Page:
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Humpback whale playing with kelp

Why do humpback whales wear seaweed wigs?

Alison Wood Ali is WDC's education projects coordinator. She is the editor of Splash! and KIDZONE,...
Japanese whaling ship

WDC in Japan – Part 5: The meaning of whaling

Katrin Matthes Katrin is WDC's communications and campaigns officer for policy & communication in Germany...
Risso's dolphins off the Isle of Lewis, Scotland

Unravelling the mysteries of Risso’s dolphins – WDC in action

Nicola Hodgins Nicola is WDC's cetacean science coordinator. She leads our long-term Risso's dolphin research...
Save the whale save the world on a tv in a meeting room.

Saving whales in boardrooms and on boats

Abbie Cheesman Abbie is WDC's head of strategic partnerships. She works with leading businesses to...
Outcomes of COP28

Outcomes for whales and dolphins from COP28

Ed Goodall Ed is WDC's head of intergovernmental engagement. He meets with world leaders to...
Taiji's cove with boats rounding up dolphins to be slaughtered or sold to aquraiums

WDC in Japan – Part 4: A journey to Taiji’s killing cove

Katrin Matthes Katrin is WDC's communications and campaigns officer for policy & communication in Germany...
Blue whale at surface

Creating a safe haven for whales and dolphins in the Southern Ocean

Emma Eastcott Emma is WDC's head of safe seas. She helps ensure whales and dolphins...
We're at COP28 to Save the Whale, Save the World.

We’re at COP28 to save the whale, save the world

Ed Goodall Ed is WDC's head of intergovernmental engagement. He meets with world leaders to...

San Francisco recognises whales’ and dolphins’ right to freedom

Reports are emerging of a landmark resolution passed this week by the San Francisco Board of Supervisors recognising whales’ and dolphins’ right to freedom from captivity.

According to reports the resolution states that whales and dolphins deserve ‘to be free of captivity, and to remain unrestricted in their natural environment’. The resolution was championed by Commissioner Russell Tenofsky and backed by both San Francisco Supervisor Scott Wiener, Dr Lori Marino and sponsored by Earth Island Institute’s International Marine Mammal Project.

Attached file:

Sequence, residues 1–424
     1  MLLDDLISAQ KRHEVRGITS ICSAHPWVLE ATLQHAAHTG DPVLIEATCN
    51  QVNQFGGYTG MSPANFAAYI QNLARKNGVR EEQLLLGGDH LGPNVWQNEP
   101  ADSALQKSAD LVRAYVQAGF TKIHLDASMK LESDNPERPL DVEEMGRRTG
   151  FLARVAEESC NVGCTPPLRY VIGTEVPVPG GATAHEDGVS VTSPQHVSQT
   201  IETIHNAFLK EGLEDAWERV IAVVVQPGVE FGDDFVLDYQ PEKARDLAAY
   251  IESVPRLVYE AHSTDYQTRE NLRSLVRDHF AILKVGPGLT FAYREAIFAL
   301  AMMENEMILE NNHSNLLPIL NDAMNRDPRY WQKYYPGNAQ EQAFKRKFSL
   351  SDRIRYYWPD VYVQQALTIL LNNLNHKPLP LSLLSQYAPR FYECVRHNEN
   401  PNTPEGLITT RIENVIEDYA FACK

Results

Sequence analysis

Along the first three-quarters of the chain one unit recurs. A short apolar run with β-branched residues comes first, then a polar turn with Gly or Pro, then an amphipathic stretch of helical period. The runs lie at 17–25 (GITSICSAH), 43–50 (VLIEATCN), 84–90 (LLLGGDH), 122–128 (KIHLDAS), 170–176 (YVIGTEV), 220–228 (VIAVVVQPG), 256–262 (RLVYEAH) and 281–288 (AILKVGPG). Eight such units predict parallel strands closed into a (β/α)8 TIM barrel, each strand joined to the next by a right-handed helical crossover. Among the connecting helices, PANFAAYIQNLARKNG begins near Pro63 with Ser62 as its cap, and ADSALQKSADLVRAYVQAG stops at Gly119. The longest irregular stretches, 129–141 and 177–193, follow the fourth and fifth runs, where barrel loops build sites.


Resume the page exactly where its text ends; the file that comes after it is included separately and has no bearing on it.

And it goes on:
An earlier initiative known as the Malibu proclamation, which reflects the sentiments outlined in the Declaration of Rights for Cetaceans: whales and dolphins provides another great example of progressive thinking at the local level. This may provide a future example of how the principles of the Declaration of Rights for Cetaceans may be implemented at the municipal or state level.

With Sea World shares and popularity plummeting, this great news from San Francisco, the Malibu proclamation and even the Indian Government citing the intelligence and sentience of dolphins as a reason to ban any future development of dolphinaira, is this the death knell of the cetacean captivity industry finally tolling?

Meanwhile, in a truly ground-breaking case the Non-human Rights Project are awaiting the outcome of an appeal court hearing for the chimpanzee known as Tommy. They argue, using the scientific evidence, that he should be recognised by the court as a legal person and that he should be granted the right to bodily liberty and integrity and given sanctuary from the tiny cage in which he resides.

The decision on Tommy’s case is expected within the next four to six weeks.  WDC is working with the Non-human Rights Project to see how similar cases for whales and dolphins in captivity might one day be heard in US courts.




Follow the ongoing campaign for whale and dolphin rights with WDC.